Not all doves are protected species under the federal Migratory Bird Act, many species are not. Secondly people should know there are several exemptions within the Fish and Game laws about rescuing protected birds. Not illegal.

I raise this point because warning people about possible legal prblems will likely scare them off and cause them to avoid rescue if they are led to believe that legal problems will be the result of any attempt to rescue a dove.
 

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It is great that there is someone nearby who can help, but...

Not all doves are protected species under the federal Migratory Bird Act, many species are not. Secondly people should know there are several exemptions within the Fish and Game laws about rescuing protected birds. Not illegal.

I raise this point because warning people about possible legal prblems will likely scare them off and cause them to avoid rescue if they are led to believe that legal problems will be the result of any attempt to rescue a dove.
It would be wonderful,Grimaldy, if you would start a whole thread with Doves that are not protected.
Pictures, for identification purposes, would be heklpful and greatly appreciated.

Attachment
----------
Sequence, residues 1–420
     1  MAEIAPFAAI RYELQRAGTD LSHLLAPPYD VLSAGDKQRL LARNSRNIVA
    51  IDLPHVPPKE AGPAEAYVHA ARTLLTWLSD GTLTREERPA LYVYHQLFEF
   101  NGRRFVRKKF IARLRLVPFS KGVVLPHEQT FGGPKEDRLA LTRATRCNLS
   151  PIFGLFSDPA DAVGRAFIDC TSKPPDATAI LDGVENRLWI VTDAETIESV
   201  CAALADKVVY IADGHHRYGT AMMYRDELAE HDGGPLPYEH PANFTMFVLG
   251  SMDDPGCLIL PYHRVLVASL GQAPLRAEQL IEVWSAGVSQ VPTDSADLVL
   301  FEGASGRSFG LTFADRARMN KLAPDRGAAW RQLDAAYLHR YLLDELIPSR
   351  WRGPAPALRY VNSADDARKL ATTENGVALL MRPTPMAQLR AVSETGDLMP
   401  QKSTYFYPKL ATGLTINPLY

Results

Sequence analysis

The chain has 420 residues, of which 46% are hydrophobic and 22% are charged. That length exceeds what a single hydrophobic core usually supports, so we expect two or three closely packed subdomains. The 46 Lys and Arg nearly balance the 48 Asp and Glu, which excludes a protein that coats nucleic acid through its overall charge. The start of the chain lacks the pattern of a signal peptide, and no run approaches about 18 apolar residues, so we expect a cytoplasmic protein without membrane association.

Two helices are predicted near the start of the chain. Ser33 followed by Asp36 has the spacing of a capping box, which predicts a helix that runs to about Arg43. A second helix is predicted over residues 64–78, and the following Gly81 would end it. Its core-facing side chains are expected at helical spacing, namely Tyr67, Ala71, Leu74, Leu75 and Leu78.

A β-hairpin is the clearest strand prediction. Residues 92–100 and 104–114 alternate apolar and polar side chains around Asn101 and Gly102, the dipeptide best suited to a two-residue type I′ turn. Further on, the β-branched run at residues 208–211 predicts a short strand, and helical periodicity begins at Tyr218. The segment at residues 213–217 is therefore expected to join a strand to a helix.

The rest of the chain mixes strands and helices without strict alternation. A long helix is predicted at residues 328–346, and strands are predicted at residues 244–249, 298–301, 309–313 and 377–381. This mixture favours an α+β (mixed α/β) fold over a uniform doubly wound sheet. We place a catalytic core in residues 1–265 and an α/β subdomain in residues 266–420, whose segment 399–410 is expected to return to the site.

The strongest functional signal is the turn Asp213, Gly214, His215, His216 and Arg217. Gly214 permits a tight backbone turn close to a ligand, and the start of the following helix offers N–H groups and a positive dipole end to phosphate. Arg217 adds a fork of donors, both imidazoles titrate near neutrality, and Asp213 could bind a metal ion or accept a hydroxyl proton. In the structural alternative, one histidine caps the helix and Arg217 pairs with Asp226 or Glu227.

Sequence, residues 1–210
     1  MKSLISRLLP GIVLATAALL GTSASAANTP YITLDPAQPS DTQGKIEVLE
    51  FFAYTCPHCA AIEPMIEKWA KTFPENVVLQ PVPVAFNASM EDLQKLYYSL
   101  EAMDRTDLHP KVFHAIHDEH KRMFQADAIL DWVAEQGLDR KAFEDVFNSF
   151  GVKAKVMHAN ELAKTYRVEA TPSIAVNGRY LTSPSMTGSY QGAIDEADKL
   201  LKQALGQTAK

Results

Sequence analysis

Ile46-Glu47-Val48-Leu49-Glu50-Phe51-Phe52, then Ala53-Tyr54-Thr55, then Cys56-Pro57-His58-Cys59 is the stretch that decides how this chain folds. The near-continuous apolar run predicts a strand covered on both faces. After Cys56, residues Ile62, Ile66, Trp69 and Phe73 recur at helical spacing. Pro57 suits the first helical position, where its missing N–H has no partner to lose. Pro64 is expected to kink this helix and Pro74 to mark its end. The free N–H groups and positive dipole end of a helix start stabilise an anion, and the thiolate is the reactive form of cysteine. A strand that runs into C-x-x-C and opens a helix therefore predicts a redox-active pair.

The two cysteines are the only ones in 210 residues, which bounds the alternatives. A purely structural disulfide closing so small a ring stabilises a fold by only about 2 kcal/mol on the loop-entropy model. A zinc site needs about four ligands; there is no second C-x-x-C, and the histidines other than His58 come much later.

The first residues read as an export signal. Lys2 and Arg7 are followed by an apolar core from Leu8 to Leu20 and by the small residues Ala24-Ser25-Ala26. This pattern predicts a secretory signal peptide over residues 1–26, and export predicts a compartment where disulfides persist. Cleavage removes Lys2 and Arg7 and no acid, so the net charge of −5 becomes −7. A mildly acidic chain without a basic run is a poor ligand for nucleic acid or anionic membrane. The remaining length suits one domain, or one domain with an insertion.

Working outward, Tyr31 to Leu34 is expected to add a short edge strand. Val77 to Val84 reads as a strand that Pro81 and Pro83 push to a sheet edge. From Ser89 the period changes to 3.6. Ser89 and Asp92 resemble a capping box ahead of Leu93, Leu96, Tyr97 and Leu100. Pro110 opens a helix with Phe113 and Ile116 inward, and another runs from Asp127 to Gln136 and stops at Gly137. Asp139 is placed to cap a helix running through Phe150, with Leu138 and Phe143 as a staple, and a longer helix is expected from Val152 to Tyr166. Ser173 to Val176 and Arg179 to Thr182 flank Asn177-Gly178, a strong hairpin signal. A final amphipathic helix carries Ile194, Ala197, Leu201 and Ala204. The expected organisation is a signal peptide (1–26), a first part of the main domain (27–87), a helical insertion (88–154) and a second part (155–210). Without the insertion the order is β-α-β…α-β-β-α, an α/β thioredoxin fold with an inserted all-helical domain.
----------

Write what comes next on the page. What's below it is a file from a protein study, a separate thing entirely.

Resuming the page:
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It would be difficult to do that as a practical matter.

The statute lists the protected species by scientific name alone; for most members that would be meaningless. As far as putting pictures with the scientific name, well believe me the list runs for several pages of small type.

The two most important things however is that the statute provides an exception for rescuers, and there is also a provision for a one-shot permit to keep a protected bird for purposes of rehabilitation. My experience is that by the time they act on the permit, the bird is usually well and gone, if it is going to survive at all.

I know many members are law abiding people and mean well when they warn people about the possible legal ramifications of picking up a protected species; but after all we do not tell people to file income tax returns, comply with the state motorvehicle laws, or traffic code. Why should we be telling them about protected game birds when the possible effect may be to cause them to avoid giving help and assistance to a downed bird?
 

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Thanks Charis. I spoke with her last night, seems like the baby is almost ready to be on her own.
This particular dove is a ringneck, seems like.

Reti
 

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Maybe somebody better tell Lunacy that ring-neck doves, Streptopelia resoria, are for the most part domesticated doves, if a dove it really is. That means they have no concept of a predator, how to forage, or how to find food or shelter. Releasing a domesticated dove into the wild is consigning it to a quick and certain end.

There are some ring-necks that have been spotted in the wild in feral flocks, but according to the dove breeders still very rare.